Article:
Roy Wahlberg


Right from the very beginning, my writing has been heavily shaped by two major complications: that of writing in prison, and that of writing with a severe brain injury. I can generally keep those problems at bay for the size and duration of a typical poem, but an account of my development as a poet stretches far beyond that.

I have VERY limited normal memory, but compensate to a degree by what autism expert Temple Grandin calls "thinking in pictures". This can be helpful for holding a tableau vividly before my mind's eye as, like a courtroom artist, I scribble out a representation of it, and then think, "Aha–a poem!" and proudly stick a title on it, feeling like I really DID something when I'm actually just an organic mimeograph machine, doing what this particular type of machine is designed to do.

Eidetic memory may be all good and fine for a discrete, standalone poem, but there's quicksand underfoot. First is what neuropsychiatrists call "stuck in set", where my mind doesn't want to leave the scene, and forgets that there might be somewhere else he needs to go, or that anywhere else even exists. You will doubtless see that many times here: tableau after tableau, often with little or no logical segue. I literally fall and dissolve into that internal picture, and sometimes need to be called back. On the streets, people like me are nowadays given a pager or a phone programmed to sound a tone or vibrate on a regular schedule, to remind the wearer to "check his thinking" (or lack of same). For the curious, this trait is often part of the dysexecutive syndrome (DES) found in autism and dementia. (Yeah, I've got both, and more.) That's why autistics chatter on and on over topics that no one's interested in–like I've just been doing here.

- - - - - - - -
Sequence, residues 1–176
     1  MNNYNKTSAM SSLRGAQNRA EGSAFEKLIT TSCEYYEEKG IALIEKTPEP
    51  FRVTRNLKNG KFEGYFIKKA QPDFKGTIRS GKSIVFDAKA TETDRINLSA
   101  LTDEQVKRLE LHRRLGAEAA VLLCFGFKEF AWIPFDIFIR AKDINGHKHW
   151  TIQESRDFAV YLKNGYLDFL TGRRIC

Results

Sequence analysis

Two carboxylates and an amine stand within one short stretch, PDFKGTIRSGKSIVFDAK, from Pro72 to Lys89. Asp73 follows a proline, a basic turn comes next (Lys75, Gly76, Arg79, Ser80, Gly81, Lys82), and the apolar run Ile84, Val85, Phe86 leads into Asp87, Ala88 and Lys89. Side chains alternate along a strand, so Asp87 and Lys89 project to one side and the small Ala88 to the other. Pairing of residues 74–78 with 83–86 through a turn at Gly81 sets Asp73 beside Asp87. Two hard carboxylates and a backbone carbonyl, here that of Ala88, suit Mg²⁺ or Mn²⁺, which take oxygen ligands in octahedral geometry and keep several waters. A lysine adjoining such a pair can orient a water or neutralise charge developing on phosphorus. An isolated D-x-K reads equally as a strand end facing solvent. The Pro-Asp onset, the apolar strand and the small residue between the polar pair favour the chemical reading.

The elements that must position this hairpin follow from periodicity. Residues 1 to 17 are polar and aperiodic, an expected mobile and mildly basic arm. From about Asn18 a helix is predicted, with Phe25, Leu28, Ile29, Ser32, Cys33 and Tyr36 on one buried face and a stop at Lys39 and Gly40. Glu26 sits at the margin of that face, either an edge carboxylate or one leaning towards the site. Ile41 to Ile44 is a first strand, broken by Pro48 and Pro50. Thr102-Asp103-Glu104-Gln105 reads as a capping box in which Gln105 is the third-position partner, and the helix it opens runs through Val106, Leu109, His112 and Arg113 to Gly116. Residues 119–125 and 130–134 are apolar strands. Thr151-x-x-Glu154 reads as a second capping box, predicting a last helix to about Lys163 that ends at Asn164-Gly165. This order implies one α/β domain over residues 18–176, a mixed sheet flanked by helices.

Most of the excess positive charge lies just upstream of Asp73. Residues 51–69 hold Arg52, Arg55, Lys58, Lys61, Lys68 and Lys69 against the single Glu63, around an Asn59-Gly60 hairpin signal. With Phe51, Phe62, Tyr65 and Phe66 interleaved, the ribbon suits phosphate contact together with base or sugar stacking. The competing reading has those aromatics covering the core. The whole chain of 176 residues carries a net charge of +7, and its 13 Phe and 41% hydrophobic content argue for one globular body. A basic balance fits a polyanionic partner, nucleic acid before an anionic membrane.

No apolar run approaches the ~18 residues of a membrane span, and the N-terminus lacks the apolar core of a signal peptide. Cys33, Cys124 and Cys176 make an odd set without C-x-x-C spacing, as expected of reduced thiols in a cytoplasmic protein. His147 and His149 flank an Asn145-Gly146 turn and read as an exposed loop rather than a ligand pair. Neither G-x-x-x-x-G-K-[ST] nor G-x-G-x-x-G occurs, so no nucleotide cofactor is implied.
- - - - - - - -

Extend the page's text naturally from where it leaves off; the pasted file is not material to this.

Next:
Another facet of my particular form of dementia (primarily subcortical, so I get to keep most of my wit to torment you with) is literally called "the joking disease". The quips just float up and don't merely demand to be said, they make damn sure by doing it themselves–waving my hand around like a marionette. So when wisecracks appear, even if inopportune or apropos of little to nothing, don't blame me–my brain made me do it! Also note that I never said they were good quips, this lower echelon muse tending more toward the juvenile, sophomoric, and even scatological if I don't catch them.

One thing no one needs bother with is having any sort of pity for me as I stumble in confusion from disaster to disaster in an environment not about to win any awards for congeniality. The reason lies in poetry, which, as you know, can use any and all forms of emotional intensity as primary fuel. And what better than major indignation to drive the pen, both in volume (loudness AND poundage), and in powerfully evocative content (if I'm fortunate enough to sling it out with proper body English and an eye-popping spin–skills toward which I'm forever squirming and twirling).

The presence and result of that type of fuel is why I so love the poetic output of communities that know suffering, insult and indignity intimately. In regularly partaking of that particularly coarse diet, it is only natural that the writing done by those similarly provisioned speaks to me like none other.